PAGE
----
Before The Kabul Retreat
Kashmir Life|August 22, 2021
Described as the ‘Graveyard of Empires’, Afghanistan was always termed to be at peace when it was at war. But the land-locked desert country that was always in turmoil and one of the worst targets of the Great Game suffered immensely throughout, especially in the last 40 years, Masood Hussain writes
Masood Hussain

Before the American troops and their NATO allies landed in Afghanistan, days after the 9/11 twin tower attack in 2001, Afghans’ respected Americans. They had helped them fight the Soviet occupation through Pakistan and literally undo the USSR. The Kabul-Washington relation had evolved over the decades if not centuries.

INDIVIDUAL CONTACTS

There might have been a lot of contacts between the two cultures separate by faith and high seas but the first recorded one was somewhere in the 1830s when Josiah Harlan, an American adventurer and a Pennsylvania political activist sailed to India with the wildest imagination of becoming the King of Afghanistan.

Soon after his arrival, the situation in the region evolved so fast that becoming a king of Afghanistan seemed not a tall order. There were two claimants to the Durrani throne - Shuja Shah Durrani and Dost Mohammad Khan. This led to the first war between British India and Afghanistan, known as the First Anglo-Afghan War (1838–1842). The war, however, was not an ordinary one. From around 16500 invading the British army only one returned home alive – Dr William Brydon.

Before the war, Harlarn had worked for both the claimants and is credited for fighting many battles for Dost Mohammad till he became the Prince of Ghor. Harlarn is the one around whom Rudyard Kipling’s short story, the man who would be king was written. In 2002, Ben Macintyre, an editor at The Times London authored an extensive book The Man Who Would Be King: The First American in Afghanistan. This marked the beginning of contact between the two nations.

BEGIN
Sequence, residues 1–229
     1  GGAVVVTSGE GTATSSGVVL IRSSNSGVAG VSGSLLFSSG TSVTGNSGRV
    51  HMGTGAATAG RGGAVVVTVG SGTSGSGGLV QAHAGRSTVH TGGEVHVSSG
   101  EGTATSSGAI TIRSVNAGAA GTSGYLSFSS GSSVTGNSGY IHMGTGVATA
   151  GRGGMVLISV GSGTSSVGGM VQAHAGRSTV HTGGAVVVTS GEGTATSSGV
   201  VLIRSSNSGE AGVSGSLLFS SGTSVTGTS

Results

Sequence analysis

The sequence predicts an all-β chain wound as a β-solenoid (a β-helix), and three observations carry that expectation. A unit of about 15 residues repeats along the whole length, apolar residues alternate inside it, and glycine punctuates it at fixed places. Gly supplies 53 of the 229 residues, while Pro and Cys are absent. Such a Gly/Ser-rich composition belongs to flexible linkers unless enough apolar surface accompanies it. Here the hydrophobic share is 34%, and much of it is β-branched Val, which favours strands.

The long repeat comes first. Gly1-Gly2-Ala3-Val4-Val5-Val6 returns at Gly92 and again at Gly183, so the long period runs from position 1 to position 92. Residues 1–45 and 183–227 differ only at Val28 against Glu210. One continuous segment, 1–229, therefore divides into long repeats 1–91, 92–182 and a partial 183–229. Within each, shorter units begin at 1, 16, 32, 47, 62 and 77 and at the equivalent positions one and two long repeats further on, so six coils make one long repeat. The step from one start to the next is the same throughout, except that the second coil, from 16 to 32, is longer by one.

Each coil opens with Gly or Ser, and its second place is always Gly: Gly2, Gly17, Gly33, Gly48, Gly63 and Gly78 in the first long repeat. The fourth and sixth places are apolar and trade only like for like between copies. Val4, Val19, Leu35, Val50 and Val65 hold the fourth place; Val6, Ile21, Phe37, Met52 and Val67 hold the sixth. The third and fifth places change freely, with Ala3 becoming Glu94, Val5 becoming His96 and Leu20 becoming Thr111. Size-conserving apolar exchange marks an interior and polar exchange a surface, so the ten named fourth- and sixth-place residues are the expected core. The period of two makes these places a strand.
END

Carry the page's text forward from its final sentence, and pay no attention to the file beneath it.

The second contact is barely a century old when in 1911, a former General Electric employee, AC Jewett reached Afghanistan with a modest objective of building a powerhouse in Kabul. He became the Chief Engineer for King Habibullah Khan and helped electrify parts of Jalalabad and Kabul.

DIPLOMATIC CONTACT

British managed to create a friendly regime in Afghanistan after the Second Anglo-Afghan War (1878–80) but the protectorate rebelled in 1919 (the third Anglo-Afghan War) that eventually led the Empire to surrender Afganistan’s foreign affairs, the only authority they had had for around four decades.

Somewhere in 1921, Afghanistan signed the Treaty of Rawalpindi with British India. Afghan diplomats visited the American mission and sought to establish diplomatic contact. The then US President Warren G Harding sent his good wishes to Kabul and some aid started flowing to the desert country.

The diplomatic contact was established but the American envoy would operate from Tehran. William Harrison Hornibrook was the envoy in absentia for two years till 1936. Louis Goethe Dreyfus served for another two years till 1942. Then Americans started travelling to the region with Major Gordon Enders becoming the first military attaché to Kabul, followed by Cornelius Van Hemert Engert represented and Ely Eliot Palmer between 1945 and 1948.

THE ONSET OF COLD WAR

The onset of the cold war between the USA and the USSR marked the beginning of a stronger relationship as US President Harry S Truman visualised. Kabul sent Habibullah Khan Tarzi as the first full-fledged ambassador to Washington in 1953 and the US Louis Goethe Dreyfus as its Ambassador to Afghanistan from 1949 to 1951.

In 1953, Richard Nixon, then the Vice President, flew to Kabul, met residents and strolled around. Five years later, Afghanistan Prime Minister Daoud Khan spoke to US Congress in Washington in 1958. During this visit, he met President Eisenhower, signed a cultural exchange agreement. Though Khan sought defence cooperation, Washington preferred economic assistance.

It was the era of the Cuban crisis. During the Cuban Revolution between 1953 and 1959, the USSR would support Fidel Castro, and the US would focus on Afghanistan, as its strategic partner in the region as the desert country was in the immediate vicinity of the USSR. The idea was to checkmate Communism. It was simply because of these compelling factors that

President Eisenhower flew to Kabul in December 1959. Landing at the Bagram Airfield, Eisenhower drove in a huge cavalcade to Kabul, where he met King Zahir Shah, his Prime Minister Daoud Khan and other Pathan notables.

In 1963, the Kabul king went on a return visit. This visit helped Kabul to cement its relations with the John F Kennedy administration. Habibullah Karzai, Hamid Karzai’s uncle, was part of the king’s team.

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